Hey there! Kristin here for an important chat about taking better selfies.
What are selfies? Selfies are pictures that you take of yourself — usually with a camera phone. Sometimes they’re silly, sometimes they’re serious, but they’re definitely important — especially if you’re a memory-keeper.
Personally, I’m a huge fan of selfies — as a memory-keeper, documenting my life is one of my priorities and I don’t want to have to rely on other people to get pictures of myself. I don’t think I’m super photogenic, but over the years, I’ve found ways to get good shots of myself and incorporate them into my memory-keeping.
Making an effort to improve your selfies will make it much easier to document yourself and get your important stories told.
Here are a few ways I’ve improved my own selfies. Try them out and see what works best for you.
As always, the first thing to keep in mind are basic photography principles, which I’ve talked about here before. The more you improve your general photography skills, the better your selfies will become. Here are the two biggest factors for me.
1. Natural light – Be aware of your surroundings, try to get in the most natural, indirect light possible. I’m not going to say always do this or never do that, because you can’t always get the perfect lighting conditions. See what works best for you and your style.
2. Composition – Also known as framing your photograph. The easiest way to improve your composition is to understand the rule of thirds. Imagine a tic-tac-toe board or a hashtag (#). The lines and the intersections are the main focal points. Try to place important objects on those lines & intersections.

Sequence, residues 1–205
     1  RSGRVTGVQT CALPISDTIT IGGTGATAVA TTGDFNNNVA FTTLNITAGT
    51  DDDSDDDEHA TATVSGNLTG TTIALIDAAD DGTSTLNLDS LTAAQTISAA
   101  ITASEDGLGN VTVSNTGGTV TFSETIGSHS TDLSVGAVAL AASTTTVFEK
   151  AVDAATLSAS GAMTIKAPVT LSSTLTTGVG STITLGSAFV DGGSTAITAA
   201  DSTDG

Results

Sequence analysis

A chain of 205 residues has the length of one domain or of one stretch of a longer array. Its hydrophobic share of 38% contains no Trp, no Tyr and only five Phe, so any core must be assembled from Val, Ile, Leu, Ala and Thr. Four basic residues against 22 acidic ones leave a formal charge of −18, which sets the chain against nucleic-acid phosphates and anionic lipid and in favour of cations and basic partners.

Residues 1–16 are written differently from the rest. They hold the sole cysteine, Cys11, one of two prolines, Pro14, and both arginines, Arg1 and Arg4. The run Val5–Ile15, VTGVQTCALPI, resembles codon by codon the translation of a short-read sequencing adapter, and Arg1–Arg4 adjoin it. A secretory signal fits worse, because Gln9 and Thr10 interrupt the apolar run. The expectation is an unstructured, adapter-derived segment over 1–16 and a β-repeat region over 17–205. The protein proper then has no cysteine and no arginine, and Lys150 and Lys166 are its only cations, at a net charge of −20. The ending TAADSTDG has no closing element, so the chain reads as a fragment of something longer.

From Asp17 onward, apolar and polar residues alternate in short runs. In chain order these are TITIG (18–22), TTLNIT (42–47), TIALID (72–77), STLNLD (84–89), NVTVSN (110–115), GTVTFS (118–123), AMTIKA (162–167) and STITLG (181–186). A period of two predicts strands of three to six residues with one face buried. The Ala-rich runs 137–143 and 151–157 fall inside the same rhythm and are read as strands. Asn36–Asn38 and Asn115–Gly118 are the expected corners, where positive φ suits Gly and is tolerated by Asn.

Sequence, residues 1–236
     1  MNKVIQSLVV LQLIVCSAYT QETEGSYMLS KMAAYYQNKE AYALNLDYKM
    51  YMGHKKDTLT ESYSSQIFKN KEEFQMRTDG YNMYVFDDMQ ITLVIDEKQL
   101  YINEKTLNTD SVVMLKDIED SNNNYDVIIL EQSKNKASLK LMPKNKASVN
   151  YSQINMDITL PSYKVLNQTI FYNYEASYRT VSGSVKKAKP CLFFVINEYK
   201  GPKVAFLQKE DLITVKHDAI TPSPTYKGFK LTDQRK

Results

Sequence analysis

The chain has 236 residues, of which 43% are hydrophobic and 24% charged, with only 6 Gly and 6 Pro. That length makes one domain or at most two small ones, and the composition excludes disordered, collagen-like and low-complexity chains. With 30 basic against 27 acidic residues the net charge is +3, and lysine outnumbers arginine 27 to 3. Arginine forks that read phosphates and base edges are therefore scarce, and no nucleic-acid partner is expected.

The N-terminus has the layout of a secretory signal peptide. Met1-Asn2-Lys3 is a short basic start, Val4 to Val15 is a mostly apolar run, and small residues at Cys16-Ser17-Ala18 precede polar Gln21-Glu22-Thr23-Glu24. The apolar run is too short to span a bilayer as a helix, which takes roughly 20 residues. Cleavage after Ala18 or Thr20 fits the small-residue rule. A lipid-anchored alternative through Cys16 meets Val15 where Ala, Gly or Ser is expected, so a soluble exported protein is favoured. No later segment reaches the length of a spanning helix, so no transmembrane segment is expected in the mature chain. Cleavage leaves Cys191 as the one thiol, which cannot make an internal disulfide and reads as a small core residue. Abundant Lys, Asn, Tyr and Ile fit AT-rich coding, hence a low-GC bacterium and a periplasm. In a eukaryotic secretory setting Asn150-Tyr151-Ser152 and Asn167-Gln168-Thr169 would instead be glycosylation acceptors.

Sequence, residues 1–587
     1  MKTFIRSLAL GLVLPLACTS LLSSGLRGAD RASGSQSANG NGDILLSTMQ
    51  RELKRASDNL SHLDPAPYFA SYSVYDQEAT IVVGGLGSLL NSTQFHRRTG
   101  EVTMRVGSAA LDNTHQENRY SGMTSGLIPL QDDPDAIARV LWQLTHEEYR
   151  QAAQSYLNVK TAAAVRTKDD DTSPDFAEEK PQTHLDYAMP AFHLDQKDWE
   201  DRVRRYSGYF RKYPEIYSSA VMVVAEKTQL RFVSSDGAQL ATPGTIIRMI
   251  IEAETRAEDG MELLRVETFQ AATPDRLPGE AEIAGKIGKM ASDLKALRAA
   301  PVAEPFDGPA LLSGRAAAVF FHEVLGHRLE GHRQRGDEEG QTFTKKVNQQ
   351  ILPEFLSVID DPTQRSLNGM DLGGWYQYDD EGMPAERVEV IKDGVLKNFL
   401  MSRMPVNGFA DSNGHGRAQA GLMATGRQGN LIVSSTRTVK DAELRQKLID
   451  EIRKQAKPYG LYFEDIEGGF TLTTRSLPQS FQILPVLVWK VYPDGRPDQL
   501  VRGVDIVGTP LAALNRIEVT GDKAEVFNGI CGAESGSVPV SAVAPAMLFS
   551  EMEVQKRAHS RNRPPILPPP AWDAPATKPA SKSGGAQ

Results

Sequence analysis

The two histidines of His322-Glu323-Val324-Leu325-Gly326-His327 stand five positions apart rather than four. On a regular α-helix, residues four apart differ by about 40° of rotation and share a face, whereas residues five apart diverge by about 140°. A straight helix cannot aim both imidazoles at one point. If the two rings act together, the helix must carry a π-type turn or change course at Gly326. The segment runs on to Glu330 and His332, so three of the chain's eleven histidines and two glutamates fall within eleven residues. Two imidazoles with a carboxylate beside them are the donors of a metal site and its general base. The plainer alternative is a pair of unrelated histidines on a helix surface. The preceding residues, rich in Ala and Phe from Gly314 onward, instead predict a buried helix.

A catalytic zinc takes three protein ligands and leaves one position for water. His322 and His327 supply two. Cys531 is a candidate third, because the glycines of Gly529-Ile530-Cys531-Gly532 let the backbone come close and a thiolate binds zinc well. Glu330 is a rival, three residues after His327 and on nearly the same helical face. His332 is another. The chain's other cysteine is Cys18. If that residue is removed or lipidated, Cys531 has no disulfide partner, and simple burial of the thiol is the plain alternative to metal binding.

The next step is to learn about your equipment. For more than 99% of my selfies, I use my iPhone 5s. It’s important that you become comfortable with your main camera — knowing what it can and can’t do. Chances are, if you’re going to be taking a lot of selfies, you’re going to be using a camera phone too.
Here are important things to keep in mind when using mobile phone cameras.
1. Are you using the default camera or the front-facing camera? – The front facing camera makes it very easy to see what you’re taking a picture of, especially useful for selfies, the drawback is that it is a lesser quality camera. The photos will be a smaller resolution and will not be as suited to printing as photos taken with the normal camera lens. Depending on your phone, your front-facing camera may be good enough quality to print small sized photos — I print 3×4 photos (with an iPhone 5s) all the time, but with my larger photos I usually stick to using the default camera. Give yours a try and see what works.
2. Take several shots – Just keep shooting. Sometimes you’re going to blink, sometimes you’re going to have a weird look, so don’t let all that hard work setting up the shot go to waste. There are even a few apps that take a bunch of pictures with just one click and let you choose the best one.
3. Use Technology. Make the most of the tech you have. I take almost all of my selfies with my iPhone and I’ve learned how to make it work for me and what I want to do. Remember, if you run your photographs through certain apps, they may render a lesser quality photo when saved to your camera roll.